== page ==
Two girls who have taken every precaution to stay safe, finally want to live a "normal" life and have at least a little fun. Despite their precautions and possibly even against the statistics, they are kidnapped and held captive for 3 years. For the reader, the three years are told in flashbacks. The main story is Sarah's pursuit of finding her best friend's body and providing the evidence needed to keep their captor in prison.
The Never List grabbed me from the get-go. While the story is dark and has some very twisted characters, it is not overly graphic. The few details about their years in captivity are told unemotionally by the main character. If you could handle Room by Emma Donoghue (my review), then you can handle The Never List.
Because of the flow of story and the wonderful narration by Kristen Sieh, I couldn't stop listening to The Never List. I had to know what happened. But after I finished the story (at 1 AM) I started to really think about the plot. A lot of threads weren't tied up. The reader is left with questions. Perhaps there will be follow up books. The ending left the possibility - either to continue Sarah's pursuit of uncovering the truth, or with learning more about Jennifer's story. If there's no follow-up, then these loose threads could be more plot holes. Like the couple at the club - were they plants or was it really coincidental they were there? And why did the woman get to leave, when it appears he already had a captive?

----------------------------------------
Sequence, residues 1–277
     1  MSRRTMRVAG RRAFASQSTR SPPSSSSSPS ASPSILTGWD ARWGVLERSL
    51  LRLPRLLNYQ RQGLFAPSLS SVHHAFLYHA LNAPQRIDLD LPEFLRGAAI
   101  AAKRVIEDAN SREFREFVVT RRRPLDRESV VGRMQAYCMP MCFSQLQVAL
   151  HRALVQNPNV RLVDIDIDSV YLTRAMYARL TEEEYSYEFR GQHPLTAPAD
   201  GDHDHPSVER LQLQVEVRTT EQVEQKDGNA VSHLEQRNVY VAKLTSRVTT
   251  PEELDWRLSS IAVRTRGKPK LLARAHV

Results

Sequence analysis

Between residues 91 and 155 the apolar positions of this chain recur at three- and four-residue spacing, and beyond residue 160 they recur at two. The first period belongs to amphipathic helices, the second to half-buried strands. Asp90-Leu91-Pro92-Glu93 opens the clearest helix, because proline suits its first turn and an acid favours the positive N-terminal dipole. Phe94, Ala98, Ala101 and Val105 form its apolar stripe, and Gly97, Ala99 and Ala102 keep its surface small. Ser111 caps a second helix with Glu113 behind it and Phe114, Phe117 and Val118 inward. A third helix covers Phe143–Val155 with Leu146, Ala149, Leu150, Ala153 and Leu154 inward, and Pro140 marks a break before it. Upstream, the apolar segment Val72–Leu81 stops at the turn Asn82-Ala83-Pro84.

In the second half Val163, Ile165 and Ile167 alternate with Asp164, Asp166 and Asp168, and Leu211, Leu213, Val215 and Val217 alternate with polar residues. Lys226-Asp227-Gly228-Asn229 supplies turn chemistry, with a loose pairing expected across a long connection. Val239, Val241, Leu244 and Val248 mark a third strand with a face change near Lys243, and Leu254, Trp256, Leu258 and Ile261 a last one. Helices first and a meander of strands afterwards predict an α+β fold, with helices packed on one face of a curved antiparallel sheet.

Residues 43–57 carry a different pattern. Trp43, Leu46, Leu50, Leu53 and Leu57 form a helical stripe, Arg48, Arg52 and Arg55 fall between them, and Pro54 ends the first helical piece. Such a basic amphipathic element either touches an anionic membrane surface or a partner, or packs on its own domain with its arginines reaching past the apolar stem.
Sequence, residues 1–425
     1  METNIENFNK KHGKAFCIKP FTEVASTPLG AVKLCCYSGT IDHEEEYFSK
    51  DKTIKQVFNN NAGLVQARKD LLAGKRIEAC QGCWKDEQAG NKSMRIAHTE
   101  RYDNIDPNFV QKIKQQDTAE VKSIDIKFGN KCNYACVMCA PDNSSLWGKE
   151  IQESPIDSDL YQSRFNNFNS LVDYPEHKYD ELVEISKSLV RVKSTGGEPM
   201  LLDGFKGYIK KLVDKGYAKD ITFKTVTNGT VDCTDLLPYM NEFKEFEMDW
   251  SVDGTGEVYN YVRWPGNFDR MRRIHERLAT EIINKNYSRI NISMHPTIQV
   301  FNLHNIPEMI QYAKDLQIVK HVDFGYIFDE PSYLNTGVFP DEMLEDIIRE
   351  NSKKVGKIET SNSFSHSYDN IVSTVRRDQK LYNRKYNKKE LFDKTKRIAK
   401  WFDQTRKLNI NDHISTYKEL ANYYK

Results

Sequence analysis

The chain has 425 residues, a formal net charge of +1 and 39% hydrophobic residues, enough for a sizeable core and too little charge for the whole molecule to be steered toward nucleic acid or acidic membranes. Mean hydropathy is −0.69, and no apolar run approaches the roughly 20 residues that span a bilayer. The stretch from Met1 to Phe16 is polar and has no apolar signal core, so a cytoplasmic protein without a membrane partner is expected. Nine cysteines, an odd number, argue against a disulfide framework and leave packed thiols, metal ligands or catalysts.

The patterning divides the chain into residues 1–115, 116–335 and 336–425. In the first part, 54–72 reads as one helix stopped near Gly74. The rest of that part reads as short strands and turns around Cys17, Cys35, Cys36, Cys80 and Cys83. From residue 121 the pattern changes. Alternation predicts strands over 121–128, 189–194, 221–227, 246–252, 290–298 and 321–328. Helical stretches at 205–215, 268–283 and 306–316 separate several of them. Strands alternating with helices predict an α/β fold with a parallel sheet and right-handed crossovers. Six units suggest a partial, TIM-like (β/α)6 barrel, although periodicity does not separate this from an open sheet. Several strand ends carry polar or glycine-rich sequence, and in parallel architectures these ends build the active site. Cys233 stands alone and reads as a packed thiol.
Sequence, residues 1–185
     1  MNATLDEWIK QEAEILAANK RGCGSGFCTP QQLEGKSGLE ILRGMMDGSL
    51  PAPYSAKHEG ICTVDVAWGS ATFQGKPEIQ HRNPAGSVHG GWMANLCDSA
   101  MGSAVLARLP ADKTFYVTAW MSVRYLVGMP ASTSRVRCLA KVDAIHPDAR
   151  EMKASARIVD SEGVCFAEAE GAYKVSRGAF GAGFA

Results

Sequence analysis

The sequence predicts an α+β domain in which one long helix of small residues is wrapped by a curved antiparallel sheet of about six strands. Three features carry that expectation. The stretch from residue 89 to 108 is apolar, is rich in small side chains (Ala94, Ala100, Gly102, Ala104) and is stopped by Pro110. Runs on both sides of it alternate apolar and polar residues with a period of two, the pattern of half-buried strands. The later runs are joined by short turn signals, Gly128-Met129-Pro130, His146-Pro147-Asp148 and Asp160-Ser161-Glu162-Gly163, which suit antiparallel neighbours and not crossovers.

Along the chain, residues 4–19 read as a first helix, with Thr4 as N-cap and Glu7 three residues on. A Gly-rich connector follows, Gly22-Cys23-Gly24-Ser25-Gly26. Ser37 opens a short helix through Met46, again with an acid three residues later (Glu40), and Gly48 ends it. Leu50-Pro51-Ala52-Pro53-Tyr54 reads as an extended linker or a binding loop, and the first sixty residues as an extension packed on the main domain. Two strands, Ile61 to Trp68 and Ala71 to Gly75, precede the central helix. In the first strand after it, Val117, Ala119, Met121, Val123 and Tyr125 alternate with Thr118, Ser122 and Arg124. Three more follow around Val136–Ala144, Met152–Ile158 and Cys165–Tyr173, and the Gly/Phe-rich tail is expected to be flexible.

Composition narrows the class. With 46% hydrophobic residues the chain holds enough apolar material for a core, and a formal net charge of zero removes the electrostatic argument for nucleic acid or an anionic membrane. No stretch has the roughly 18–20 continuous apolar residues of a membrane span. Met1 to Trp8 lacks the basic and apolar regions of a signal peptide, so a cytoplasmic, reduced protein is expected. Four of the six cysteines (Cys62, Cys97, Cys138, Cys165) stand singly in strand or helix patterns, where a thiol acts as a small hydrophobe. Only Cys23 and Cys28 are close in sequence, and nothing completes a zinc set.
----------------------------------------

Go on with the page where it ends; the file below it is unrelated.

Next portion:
I work in academia and I found some of the "competiton" not to be believable. We get too many courses in research ethics and cautions to bias in our research for me to believe that so many of the professors would ignore some basic rules as to the conduct of human subject research. (I know that there have been and continues to be some researcher who cut corners, but the extent it was in The Never List just seems too great).
If you can lose yourself in a story and not question too deeply the elements of the plot, then The Never List is an excellent story for those wanting to explore the darker side of human nature. I rank this book up there with Still Missing by Chevy Stevens (my review), Before I Go To Sleep by S.J. Watson (my review), and The First Victim by J. B. Lynn (my review) for dark, twisted stories that sucks you right in.
Buy The Never List at Amazon
Published July 2013 by Penguin Audio
Listened: July 2013
Girl Who Reads is an Amazon advertising affiliate; a small fee is earned when purchases are made at Amazon through the links above. A free credit from Audible.com was used to purchase this book.